Designer Kristine Go and oil painter Mike Aguirre will open MK Apothecary, their artist workspace on Haddon Avenue, this spring.
By Matt Skoufalos | March 17, 2019
Artists Mike Aguirre and Kristine Go had always dreamed of owning a gallery that would also function as a live-in work space.
But in 23 years together, their careers offered little opportunity for settling down permanently.
The couple, who met at the Academy of Art San Francisco, estimates that they’ve moved about every two years on average, having lived in 10 U.S. states.
Go is a textile designer and fashion consultant; Aguirre is a fine artist who specializes in oil paintings. In all their travels, Go, a New Jersey native, estimates they’ve spent more time in Philadelphia than anywhere else.
So when they started looking for a more permanent base of operations, they scouted properties in Northern Liberties and Fishtown as well as across the Delaware in Merchantville and Oaklyn.
“We love the city but as we get older, we don’t want to be in it,” Go said.
“When we came back [to Collingswood], Sabrina’s had opened up, Occasionette opened up,” she said.
“Every time we would look, it was, ‘What’s in this area?’”
In 2016, they finally settled on the former Haddon Pharmacy at 330 Haddon Avenue in Collingswood—and shortly after closing, moved to Wisconsin for work.
Almost three years and a lot of hard work later, they’re ready to open the doors of their combined studio and gallery space, MK Apothecary.
Inside the historic former pharmacy, Aguirre and Go have repurposed its prescription counter, restored its classic wooden signs, and salvaged some antique building components for future use.
A handful of succulents frames a window overlooking the sun porch that serves as a studio space; inside the main area, a black, mid-century couch and a table and chairs serve as the only furniture. The building, like their intention for it, is essentially a blank slate.
Go describes it as a gallery and event space as well as a center for future art classes. A certified Baptiste yoga teacher, she expects to host community yoga there. But those notions represent only a handful of potential activities the Apothecary could facilitate.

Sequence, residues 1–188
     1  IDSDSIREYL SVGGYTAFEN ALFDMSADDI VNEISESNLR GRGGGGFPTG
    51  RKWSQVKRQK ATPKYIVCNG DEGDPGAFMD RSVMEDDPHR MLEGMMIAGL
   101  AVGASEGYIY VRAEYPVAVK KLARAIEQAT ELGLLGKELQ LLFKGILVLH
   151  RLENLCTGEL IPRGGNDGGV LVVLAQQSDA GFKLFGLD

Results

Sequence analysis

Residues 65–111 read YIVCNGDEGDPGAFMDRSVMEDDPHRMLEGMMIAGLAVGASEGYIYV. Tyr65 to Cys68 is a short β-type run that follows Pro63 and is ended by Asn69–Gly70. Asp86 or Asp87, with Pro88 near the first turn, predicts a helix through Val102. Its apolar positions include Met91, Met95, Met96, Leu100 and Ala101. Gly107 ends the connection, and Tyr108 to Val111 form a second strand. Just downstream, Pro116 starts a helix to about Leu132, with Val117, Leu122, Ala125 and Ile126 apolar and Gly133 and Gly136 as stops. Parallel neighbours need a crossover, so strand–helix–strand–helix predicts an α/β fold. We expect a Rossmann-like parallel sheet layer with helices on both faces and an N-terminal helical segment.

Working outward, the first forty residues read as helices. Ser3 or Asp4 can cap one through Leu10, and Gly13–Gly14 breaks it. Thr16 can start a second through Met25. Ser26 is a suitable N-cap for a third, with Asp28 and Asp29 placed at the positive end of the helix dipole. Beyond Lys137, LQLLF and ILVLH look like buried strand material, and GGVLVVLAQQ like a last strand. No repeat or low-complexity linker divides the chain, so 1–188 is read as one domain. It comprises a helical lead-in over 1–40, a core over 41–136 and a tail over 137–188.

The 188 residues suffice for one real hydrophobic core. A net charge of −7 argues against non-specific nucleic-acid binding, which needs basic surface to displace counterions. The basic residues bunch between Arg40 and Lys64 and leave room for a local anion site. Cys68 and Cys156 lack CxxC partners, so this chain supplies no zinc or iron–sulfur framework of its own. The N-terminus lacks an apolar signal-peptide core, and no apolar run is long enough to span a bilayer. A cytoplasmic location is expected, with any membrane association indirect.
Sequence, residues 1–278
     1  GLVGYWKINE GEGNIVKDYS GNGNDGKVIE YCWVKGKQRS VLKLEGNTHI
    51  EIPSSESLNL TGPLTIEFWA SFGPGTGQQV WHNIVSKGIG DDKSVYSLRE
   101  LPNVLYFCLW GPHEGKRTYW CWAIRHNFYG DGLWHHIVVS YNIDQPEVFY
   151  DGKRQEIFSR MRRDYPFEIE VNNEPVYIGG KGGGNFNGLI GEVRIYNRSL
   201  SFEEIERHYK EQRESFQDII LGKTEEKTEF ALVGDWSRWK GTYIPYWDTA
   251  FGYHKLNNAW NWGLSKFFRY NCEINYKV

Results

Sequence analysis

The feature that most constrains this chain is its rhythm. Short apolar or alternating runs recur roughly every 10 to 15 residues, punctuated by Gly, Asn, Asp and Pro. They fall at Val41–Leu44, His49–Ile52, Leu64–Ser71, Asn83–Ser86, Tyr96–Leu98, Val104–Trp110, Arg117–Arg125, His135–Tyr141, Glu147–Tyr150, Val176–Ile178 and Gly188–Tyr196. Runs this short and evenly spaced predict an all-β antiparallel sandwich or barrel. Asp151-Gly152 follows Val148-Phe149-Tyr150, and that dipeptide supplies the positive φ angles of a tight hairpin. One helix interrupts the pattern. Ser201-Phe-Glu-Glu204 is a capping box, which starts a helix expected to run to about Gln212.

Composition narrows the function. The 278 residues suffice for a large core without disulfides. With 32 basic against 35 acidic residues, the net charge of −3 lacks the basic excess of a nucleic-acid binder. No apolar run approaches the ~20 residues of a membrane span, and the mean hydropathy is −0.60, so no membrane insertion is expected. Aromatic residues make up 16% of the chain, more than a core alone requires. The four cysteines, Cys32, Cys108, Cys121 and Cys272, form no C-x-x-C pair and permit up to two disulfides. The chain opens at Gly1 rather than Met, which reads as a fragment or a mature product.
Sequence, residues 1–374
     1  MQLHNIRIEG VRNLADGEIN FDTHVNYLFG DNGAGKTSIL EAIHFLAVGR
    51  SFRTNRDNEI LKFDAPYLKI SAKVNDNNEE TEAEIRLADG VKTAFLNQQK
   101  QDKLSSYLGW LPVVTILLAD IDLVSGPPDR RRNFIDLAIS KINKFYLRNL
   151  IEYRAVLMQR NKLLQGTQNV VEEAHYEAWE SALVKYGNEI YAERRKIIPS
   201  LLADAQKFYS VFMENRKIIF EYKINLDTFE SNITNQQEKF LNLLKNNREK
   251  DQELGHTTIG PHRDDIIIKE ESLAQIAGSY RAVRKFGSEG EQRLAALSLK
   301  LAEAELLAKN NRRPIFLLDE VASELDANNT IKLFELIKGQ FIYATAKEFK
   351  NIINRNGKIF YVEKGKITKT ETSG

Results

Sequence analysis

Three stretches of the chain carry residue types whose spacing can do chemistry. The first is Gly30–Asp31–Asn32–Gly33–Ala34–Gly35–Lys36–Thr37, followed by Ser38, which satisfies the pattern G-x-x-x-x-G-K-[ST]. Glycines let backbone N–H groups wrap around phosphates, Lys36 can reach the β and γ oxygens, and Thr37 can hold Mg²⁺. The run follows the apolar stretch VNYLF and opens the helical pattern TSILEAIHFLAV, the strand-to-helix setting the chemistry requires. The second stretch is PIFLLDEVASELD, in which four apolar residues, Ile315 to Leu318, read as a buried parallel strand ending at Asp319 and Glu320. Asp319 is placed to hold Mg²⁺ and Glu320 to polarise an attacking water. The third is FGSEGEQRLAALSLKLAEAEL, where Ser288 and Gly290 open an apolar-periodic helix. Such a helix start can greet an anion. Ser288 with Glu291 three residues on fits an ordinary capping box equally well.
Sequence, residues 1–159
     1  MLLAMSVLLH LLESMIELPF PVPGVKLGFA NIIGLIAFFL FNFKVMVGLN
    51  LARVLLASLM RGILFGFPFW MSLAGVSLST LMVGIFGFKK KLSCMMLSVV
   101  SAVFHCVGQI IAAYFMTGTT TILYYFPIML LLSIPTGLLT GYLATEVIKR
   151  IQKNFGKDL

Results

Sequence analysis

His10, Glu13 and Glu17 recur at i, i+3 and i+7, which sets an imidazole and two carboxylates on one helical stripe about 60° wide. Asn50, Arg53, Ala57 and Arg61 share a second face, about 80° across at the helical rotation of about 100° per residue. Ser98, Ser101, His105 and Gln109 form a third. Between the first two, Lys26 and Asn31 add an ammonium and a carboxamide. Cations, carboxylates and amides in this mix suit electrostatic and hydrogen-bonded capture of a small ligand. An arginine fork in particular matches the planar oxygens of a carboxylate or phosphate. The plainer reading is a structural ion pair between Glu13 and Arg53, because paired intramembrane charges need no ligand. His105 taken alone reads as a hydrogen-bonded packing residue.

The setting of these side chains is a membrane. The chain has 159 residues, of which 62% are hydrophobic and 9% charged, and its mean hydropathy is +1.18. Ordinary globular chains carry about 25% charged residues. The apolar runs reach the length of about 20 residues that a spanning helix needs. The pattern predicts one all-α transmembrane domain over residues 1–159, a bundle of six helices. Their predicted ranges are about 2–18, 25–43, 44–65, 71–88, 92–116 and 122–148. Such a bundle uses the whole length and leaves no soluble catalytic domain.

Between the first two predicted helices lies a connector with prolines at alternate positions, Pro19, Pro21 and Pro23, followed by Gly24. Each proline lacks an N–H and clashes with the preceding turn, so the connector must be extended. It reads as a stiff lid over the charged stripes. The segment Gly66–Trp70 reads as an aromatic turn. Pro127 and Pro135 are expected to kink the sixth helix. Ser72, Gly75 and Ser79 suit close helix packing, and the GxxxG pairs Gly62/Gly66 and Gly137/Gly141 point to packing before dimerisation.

“It’s available to anybody,” Go said.
“We want to be of service to the community and still uphold our artistic values and be creative.
“As artists, we tend to be very siloed,” she said; “freelancers don’t have a community.
“We’d love to be able to build a community that’s different from hobbyists; people that are a little more invested.”
Aguirre said he’d like the space to be a collaborative environment in which other artists can exchange ideas and work alongside one another.
“You can learn from me, I can learn from you,” he said. “I think there’s something about doing what you’re passionate about and just putting it out there.”
For art enthusiasts who don’t want to commit to an entire series of classes, the couple envisions offering one-offs or drop-ins.
“Every place we’ve lived, we’ve always been a part of the community, and really good about keeping in touch with people,” Go said.
“What we would give is more art and more access to what’s out there.”
By opening in a suburban setting, Go and Aguirre also want MK Apothecary to be accessible to the general public.
They welcome visitors, whether browsing the current exhibit or just for a chat.
“I think sometimes there’s a stigma around an art gallery or studio, that it’s snooty or stuffy,” Go said.
“[This space is] really clean and stark, but at the end of the day, people can come in and just do their thing.”
“Museums are great,” Aguirre said; “I could pop into galleries every day. But it’s a day-long event of having to look through everything.
“I like the idea of being able to look somewhere, see some new art, and see what it’s all about,” he said.
MK Apothecary hasn’t settled on an opening date yet; hours are likely to be 10 a.m. to 6 p.m., and extended for workshops or appointments. Visit its website for details.
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